Daily aspirin use for heart disease, stroke may harm more than help seniors: Experts
A US government expert panel said Tuesday it no longer recommends a daily dose of aspirin to reduce the risk of heart attack and stroke in people aged 60 and over.
People aged 40-59 who are at a higher risk of developing cardiovascular disease but have no history of it, should consult with their doctor and make an individual decision on whether to start taking the medicine.
The statement was a major reversal in the US medical field, where taking aspirin daily is a widespread practice. The medication thins blood, helping prevent blood clots and reduce the risk of heart attack or stroke.
Since 2016, the Preventive Services Task Force, a government medical expert panel, has recommended a daily dose of aspirin for people in their 50s who have a 10 percent or greater risk of having a heart attack or stroke in the next 10 years.
The panel also said at the time that for at-risk people in their 60s, the decision to take aspirin should be an individual one.
But for several years, studies have questioned those recommendations.
On Tuesday, experts said that aspirin's benefits were not enough to offset the increased risk of bleeding, especially in the brain or intestines, in older people.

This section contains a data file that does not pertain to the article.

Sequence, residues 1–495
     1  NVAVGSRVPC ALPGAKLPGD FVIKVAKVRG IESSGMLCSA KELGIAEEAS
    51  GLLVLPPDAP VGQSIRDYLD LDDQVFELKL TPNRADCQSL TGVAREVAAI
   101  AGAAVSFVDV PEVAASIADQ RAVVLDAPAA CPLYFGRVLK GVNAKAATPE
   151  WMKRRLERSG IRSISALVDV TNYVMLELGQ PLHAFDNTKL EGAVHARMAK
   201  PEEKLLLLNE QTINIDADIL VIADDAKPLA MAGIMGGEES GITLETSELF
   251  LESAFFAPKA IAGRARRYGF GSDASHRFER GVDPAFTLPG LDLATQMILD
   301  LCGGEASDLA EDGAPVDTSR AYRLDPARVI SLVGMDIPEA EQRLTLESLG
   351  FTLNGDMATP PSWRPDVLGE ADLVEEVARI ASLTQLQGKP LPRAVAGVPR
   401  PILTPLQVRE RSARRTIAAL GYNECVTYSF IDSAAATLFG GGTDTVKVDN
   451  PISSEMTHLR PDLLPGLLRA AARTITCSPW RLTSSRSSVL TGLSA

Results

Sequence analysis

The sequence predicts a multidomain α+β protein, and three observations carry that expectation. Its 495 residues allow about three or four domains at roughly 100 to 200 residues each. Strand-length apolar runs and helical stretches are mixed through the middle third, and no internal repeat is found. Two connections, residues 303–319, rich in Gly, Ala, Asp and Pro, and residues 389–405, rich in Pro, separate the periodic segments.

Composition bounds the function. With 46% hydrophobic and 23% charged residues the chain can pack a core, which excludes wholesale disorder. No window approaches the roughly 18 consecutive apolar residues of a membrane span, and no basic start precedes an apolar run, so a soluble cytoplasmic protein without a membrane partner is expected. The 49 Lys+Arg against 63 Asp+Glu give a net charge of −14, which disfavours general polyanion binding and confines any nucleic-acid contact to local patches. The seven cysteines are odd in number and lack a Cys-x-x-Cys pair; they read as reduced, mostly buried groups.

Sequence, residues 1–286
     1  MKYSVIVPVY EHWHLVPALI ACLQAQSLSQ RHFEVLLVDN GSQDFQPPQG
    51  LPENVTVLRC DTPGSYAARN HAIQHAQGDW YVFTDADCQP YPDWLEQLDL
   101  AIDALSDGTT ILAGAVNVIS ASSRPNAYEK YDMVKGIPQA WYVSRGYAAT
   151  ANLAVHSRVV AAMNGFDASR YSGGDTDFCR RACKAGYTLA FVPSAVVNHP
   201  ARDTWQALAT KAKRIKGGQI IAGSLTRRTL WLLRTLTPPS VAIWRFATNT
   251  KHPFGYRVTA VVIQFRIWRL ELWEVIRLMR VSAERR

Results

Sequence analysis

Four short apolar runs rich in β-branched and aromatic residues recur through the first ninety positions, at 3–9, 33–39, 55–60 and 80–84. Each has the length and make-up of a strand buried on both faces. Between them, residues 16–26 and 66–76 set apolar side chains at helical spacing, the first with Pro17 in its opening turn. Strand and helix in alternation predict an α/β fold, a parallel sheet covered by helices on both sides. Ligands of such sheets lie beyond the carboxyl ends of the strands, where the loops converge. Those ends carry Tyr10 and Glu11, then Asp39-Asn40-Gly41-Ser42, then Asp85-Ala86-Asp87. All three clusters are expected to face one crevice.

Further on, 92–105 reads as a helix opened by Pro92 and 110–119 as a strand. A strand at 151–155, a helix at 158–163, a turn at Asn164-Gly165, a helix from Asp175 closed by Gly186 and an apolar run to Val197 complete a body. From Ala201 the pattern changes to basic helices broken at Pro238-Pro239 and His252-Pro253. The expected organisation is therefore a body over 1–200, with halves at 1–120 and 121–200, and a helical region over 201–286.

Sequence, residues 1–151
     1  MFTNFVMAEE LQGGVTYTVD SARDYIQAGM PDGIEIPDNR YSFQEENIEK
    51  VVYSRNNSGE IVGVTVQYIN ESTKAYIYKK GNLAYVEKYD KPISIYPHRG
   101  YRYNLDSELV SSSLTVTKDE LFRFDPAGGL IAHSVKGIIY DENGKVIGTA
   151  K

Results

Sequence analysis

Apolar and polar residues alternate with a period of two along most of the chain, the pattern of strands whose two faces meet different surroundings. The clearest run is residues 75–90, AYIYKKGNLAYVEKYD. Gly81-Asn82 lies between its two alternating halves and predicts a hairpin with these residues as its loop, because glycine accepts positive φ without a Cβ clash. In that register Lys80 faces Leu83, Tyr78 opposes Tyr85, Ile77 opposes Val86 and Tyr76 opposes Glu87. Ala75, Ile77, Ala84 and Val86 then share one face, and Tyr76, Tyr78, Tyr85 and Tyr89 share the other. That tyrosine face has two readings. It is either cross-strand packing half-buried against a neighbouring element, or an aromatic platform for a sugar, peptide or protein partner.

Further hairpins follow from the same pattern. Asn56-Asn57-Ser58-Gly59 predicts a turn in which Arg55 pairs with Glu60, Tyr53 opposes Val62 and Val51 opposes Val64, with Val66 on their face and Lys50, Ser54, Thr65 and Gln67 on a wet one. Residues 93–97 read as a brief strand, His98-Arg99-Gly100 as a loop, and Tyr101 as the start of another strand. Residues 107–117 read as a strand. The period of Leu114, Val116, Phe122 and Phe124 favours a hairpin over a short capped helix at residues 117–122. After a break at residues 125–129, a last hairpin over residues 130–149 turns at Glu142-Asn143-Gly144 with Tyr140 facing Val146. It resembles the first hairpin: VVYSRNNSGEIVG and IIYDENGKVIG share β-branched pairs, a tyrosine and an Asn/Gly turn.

“Daily aspirin use may help prevent heart attacks and strokes in some people, but it can also cause potentially serious harms, such as internal bleeding,” said Task Force member John Wong. “It's important that people who are 40 to 59 years old and don't have a history of heart disease have a conversation with their clinician to decide together if starting to take aspirin is right for them.”
These new recommendations are not yet final. They will be open to public debate until early November.
They also do not apply to patients taking aspirin after suffering a stroke or heart attack, the statement said.
An estimated 600,000 Americans suffer a first heart attack, and about 610,000 a first stroke.
Taking aspirin to reduce this risk of heart disease is often a spontaneous decision for many Americans. According to a 2017 study, 23 percent of adults aged 40 and over who don't have cardiovascular disease took aspirin as a preventive measure, of whom 23 percent did so without a doctor's recommendation.